Steve Novick: the interview

At 14, Steve Novick was a full-time student at the University of Oregon. By the time he was 18, when most people are just beginning to think about college, he was starting law school at Harvard.

At 14, Steve Novick was a full-time student at the University of Oregon. By the time he was 18, when most people are just beginning to think about college, he was starting law school at Harvard.

Since then, Novick, a Democrat running for Gordon Smith’s seat in the U.S. Senate, has worked for the U.S. Justice Department, on Ted Kulongoski’s first campaign for governor and on the board of directors of the Oregon Environmental Council.

The Vanguard sat down with Novick earlier this week to discuss the state of higher education, the war in Iraq and the environment. Novick, who is known for his 4’9″ stature and the steel hook in place of his left hand, will speak today in Smith Memorial Student Union, room 101, at 1 p.m.

What do you think the role of the Oregon University System and PSU are within the state?Well, I mean the role of the university system should be to provide higher education at a fair price. I mean, one thing I have been telling all audiences, particularly student audiences, is that I feel a real sense of guilt because I was part of the last college class that got really serious financial aid from the federal government. I graduated in ’81, and that was the year Regan came in and started cutting everything. And, obviously, it made a big difference when the federal government was telling lower and middle-income kids that you can get through college without emerging with a mountain of debt.

What system are you an advocate for?I think that we should try to restore the level of federal financial aid back to closer what it was of the percentage of student costs in the ’70s, which is something that’ll cost some money, but its something that you would do without breaking the bank. It’s not like the cost of the Iraq war, or something like that.

I know you’re an advocate of pulling out of Iraq, but do you think it’s realistic?Unless the Democrats really stand up and say what John Edwards was saying, which is, if you [President Bush] veto a budget with a time table, then we’re just going to send it back to you, and if you veto that, we’ll send it back to you. And eventually you either have no budget for the war at all, or you have a budget with a timetable. That’s what they should do. I don’t know if that’s what they will do.

You’ve been an Oregonian for a long time, right?My family moved to Cottage Grove when I was 10, and then I left when I was 18, which was in ’81, and came back in ’96. So I’ve been in Oregon a total of 19 out of 44 years.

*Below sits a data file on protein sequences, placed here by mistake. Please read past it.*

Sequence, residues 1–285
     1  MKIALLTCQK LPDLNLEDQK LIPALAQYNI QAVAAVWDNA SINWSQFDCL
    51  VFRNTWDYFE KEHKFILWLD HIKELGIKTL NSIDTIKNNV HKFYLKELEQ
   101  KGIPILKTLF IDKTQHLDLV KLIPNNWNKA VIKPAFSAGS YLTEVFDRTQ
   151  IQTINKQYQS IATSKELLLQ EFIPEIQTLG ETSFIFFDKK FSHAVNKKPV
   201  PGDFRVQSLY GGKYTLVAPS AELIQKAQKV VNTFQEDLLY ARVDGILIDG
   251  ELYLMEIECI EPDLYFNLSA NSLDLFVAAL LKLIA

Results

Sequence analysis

What do you think of Measures 49 and 50?I strongly support 49. If we don’t pass 49, we will lose our character as a state. We will see rampant development in forest and farmland, and it will be unsustainable development. We’ve got to pass measure 49.

And measure 50 is worth passing. I mean, it will provide health care for kids. And, raising the cost of cigarettes deters some young people from starting smoking. There’s a couple of objections to it, which are valid. It’s kind of silly to put this in the constitution. And it is true that any kind of sales tax, including the cigarette tax, hits poor people harder than rich people. It’s easier for a rich person to pay an extra 60 cents than for a poor person. So, those are valid objections to the cigarette tax. But on balance, I think giving health care to kids and deterring young people from starting to smoke by raising the price are worthwhile.

What made you want to run?I think the country is going to hell in a hand basket. We’re not dealing with the health care system. And we’re not dealing with the growing federal debt. And we’re not dealing with growing economic inequality where a few rich and powerful people have all the stuff. And we’re not dealing with global warming.

On global warming:Bernie Sanders (D) from Vermont and Barbra Boxer (D) from California have the most aggressive legislation in the senate to deal with global warming by both requiring higher fuel efficiency standards for cars and better energy efficiency standards for household appliances and buildings. But there’s also additional research beyond renewable that we need to do.

The United States is the biggest emitter of greenhouse gasses–before we ask other countries to do anything, we need to get our own house in order. We’ve got to get our act together on global warming, and I think that young people are at least as concerned about that as middle-aged people.

On healthcare:What you see happening is there’s more and more jobs that don’t have health care. And the jobs that do have health care, the cost of health care is eating into people’s wages. Really, what you need to do is restructure the whole healthcare system, so that you’re paying for courses of treatments, and paying for outcomes, rather than just paying for procedures. That’s something that John Kitzhaber talks about a lot. You need to restructure the system so that you’re paying for outcomes, rather than paying for people to run up the bill, in fact.

Don’t a lot of the problems with health care come down to funding that we get for health care in the state?Actually, no. We spend far more per person on health care than France, or England, or Canada, and we don’t have better health outcomes. We have an extremely inefficient system. We’re spending too much on drugs, we’re overusing technology, and just the cost of having insurance companies is a huge chunk of the cost of the system.

Statements made in this article were edited for brevity and clarity.